Update, 11:11 a.m.: The New York Times reports that protestors, amid chants of "our park", are trying to remove and jump the police barricades at Zuccotti. Police have moved in, and there have been several arrests.
Update, 10:30 a.m: A group of protestors is headed back to Zuccotti; another is ensconced on Wall Street. Police say about 60 protestors have been arrested this a.m. There was a scuffle on William Street, as demonstrators took over the street, but it's now been cleared. Meanwhile, there were several arrests outside Trinity Church; one woman there spilled her tea while she was being arrested, then grabbed the container and threw the liquid on two cops. The church is also playing host to several topless women, who say they're protesting the treatment of women at Zuccotti Park.
Update, 9:40 a.m: The Stock Exchange's opening bell rang on time at 9:30 a.m. Protestors responded by ringing a "people's bell" outside, where Wall Street workers struggled to press through the crowds to the office.
Update, 9:21 a.m.: Nassau and Pine has been reopened to traffic, after arrested protestors were bussed away. There have also been arrests on Beaver Street, near New. And one arrestee this morning was a retired police captain named Ray Lewis, whom the crowd cheered as he was taken away. There's also a mini counter-protest, begun by people saying they want to get through to their offices — a group of men holding signs reading Get a Job and Occupy an Office. Elsewhere, an observer caught what looks like a Wall Streeter throwing a punch at a demonstrator.
Update, 9:05 a.m: Here's the scene from Pine and Nassau, where the morning's first arrests took place. A group of perhaps 30 protestors sat down, to stake out their territory. Police told them they could be arrested for marching without a permit, and soon began to drag away the seated occupiers, batons unsheathed.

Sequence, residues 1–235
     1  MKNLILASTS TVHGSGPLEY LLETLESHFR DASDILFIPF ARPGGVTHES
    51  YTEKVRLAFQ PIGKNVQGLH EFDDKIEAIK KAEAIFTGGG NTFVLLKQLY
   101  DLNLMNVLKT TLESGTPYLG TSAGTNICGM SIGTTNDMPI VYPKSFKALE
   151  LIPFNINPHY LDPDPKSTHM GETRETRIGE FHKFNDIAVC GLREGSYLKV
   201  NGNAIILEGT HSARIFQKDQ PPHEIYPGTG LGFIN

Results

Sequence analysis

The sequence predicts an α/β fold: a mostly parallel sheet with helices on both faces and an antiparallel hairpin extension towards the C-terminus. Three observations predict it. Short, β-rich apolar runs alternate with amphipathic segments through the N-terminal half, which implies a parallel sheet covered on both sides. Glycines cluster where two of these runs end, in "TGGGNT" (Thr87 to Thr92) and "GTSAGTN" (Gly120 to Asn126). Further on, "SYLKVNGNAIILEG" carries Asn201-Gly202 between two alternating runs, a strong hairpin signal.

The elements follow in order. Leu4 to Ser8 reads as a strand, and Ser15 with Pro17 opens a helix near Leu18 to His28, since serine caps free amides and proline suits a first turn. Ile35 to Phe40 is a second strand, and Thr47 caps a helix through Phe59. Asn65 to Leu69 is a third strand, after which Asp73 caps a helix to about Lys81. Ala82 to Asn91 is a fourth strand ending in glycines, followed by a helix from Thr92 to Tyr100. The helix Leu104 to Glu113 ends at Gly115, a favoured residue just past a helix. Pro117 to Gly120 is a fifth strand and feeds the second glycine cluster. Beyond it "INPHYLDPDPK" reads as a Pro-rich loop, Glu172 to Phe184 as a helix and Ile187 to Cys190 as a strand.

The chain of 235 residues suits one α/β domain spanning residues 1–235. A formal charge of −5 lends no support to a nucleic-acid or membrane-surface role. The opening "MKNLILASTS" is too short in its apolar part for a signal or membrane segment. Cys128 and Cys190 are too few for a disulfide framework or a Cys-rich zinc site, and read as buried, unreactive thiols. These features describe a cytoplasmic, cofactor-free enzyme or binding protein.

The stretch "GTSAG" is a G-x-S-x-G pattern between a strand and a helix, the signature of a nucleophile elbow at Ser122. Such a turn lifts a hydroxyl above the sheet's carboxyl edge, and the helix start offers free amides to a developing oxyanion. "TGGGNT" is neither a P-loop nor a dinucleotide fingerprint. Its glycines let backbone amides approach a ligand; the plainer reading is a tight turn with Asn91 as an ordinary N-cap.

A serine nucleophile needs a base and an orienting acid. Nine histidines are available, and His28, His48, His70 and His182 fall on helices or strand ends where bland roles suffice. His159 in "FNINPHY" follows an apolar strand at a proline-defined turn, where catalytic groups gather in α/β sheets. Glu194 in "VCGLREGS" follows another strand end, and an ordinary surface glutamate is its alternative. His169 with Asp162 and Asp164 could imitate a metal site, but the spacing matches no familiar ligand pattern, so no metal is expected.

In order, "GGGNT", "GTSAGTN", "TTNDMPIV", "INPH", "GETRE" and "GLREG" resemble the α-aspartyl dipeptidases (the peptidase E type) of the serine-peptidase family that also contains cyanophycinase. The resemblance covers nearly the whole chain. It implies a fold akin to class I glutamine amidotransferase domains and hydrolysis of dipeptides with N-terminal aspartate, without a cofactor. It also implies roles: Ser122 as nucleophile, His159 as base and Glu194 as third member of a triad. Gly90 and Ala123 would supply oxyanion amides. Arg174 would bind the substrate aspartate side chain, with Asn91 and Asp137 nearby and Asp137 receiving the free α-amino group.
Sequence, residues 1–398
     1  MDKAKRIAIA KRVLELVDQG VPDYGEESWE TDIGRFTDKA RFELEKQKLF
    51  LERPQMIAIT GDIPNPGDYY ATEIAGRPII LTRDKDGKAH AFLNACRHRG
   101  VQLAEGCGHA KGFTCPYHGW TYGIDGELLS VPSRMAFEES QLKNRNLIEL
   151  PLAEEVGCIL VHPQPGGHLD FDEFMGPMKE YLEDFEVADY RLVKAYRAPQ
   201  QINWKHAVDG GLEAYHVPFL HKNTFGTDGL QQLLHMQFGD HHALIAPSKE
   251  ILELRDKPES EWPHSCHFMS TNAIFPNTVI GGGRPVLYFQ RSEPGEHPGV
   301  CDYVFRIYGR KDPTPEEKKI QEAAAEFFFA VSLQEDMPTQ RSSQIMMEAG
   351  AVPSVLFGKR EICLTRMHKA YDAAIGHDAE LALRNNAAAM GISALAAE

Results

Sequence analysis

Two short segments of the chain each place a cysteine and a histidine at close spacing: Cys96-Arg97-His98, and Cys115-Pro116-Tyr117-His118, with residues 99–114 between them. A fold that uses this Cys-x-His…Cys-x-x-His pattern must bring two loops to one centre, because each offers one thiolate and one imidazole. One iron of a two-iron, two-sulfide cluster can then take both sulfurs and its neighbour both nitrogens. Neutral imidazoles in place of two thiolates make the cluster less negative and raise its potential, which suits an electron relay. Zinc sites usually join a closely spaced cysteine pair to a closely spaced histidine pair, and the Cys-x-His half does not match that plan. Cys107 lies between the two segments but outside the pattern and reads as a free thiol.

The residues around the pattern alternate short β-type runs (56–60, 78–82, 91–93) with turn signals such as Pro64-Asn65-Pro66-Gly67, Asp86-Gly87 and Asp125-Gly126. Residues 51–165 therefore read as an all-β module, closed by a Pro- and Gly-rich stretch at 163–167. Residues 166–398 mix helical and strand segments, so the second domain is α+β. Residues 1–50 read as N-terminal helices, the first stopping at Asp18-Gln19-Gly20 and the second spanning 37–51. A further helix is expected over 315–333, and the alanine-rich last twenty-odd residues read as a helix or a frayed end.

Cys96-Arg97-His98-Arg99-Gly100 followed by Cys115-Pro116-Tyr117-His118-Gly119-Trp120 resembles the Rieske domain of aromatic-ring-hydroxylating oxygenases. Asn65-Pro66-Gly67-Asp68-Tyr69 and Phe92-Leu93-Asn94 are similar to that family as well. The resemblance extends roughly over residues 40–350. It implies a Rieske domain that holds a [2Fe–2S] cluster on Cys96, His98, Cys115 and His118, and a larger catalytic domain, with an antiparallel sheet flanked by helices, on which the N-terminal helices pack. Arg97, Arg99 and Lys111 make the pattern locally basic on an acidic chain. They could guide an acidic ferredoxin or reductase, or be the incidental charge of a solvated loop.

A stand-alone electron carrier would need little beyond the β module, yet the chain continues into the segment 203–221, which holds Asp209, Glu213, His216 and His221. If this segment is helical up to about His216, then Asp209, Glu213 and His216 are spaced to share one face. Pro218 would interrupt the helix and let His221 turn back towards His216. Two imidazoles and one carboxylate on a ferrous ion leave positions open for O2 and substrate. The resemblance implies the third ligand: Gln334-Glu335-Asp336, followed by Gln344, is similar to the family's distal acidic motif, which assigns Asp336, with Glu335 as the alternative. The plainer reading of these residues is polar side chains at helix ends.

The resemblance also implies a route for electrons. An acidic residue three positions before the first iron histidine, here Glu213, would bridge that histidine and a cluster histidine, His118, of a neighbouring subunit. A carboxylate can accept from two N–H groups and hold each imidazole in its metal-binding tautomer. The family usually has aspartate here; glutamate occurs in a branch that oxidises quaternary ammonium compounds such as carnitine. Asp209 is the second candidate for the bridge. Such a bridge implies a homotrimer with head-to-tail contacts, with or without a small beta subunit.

Update, 8:24 a.m.: The march, which has swelled dramatically in size already, remains fairly peaceful: Lots of chanting, an ever-growing police presence, but no drama quite yet. Protesters have approached barricades at at least a couple sites, including Pine and Nassau and Wall and Hanover, but they've largely, it seems, either stopped to wait, or turned to continue marching. There's also been a sighting of Hipster Cop, who was apparently greeted with cheers — perhaps a sign that no one's in a truly combative mood yet today.
A group of protestors, perhaps 300 strong, thronged outside Zuccotti Park and in front of 140 Broadway this morning shortly after 7 a.m., preparing to begin a day of action that will include a march on Wall Street, aimed at disrupting the New York Stock Exchange. Downtown Manhattan was filled with chants of "All day, all week, shut down Wall Street," and "They got bailed out, we got sold out." At least some protestors are wearing suits to "blend in," but police are attempting to set up barricades, requiring company ID to get past, and NYPD spokesman told Salon's Justin Elliot they're planning to expand the perimeter. Elliot asked Occupy Wall Street's press rep how they planned to respond to the barricade. "I don't think it'll disappoint," the spokesman told him.
Today's protest (being live-streamed on the web) is meant as a direct response to Tuesday's NYPD Zuccotti Park raid, and the city (including the MTA) is prepared for tens of thousands of protesters and a long day of disruptions. Several unions plan to participate, including health care and transport workers, which will swell the ranks of the protestors. The day will end with a march to Brooklyn Bridge, but first, demonstrators are aiming to interrupt the 9:30 a.m. Stock Exchange start, which Michael Bloomberg found unlikely. "The New York Stock Exchange will open on time. People will be able to get to work, you can rest assured." Since the NYSE is made up almost exclusively of electronic trading, there is a roughly zero chance of any disruption to financial markets. Occupiers jeered (via creative signage) and sarcastically cheered Bloomberg: "Michael Bloomberg is my hero," one told the WSJ. "He catapulted us out of all this lethargy. He threw out all the drunks, all the hypocrites, all the liars, all the people who were here for a little bit of fun, and brought us down to the people who are smart enough to get things done and really have something invested in this."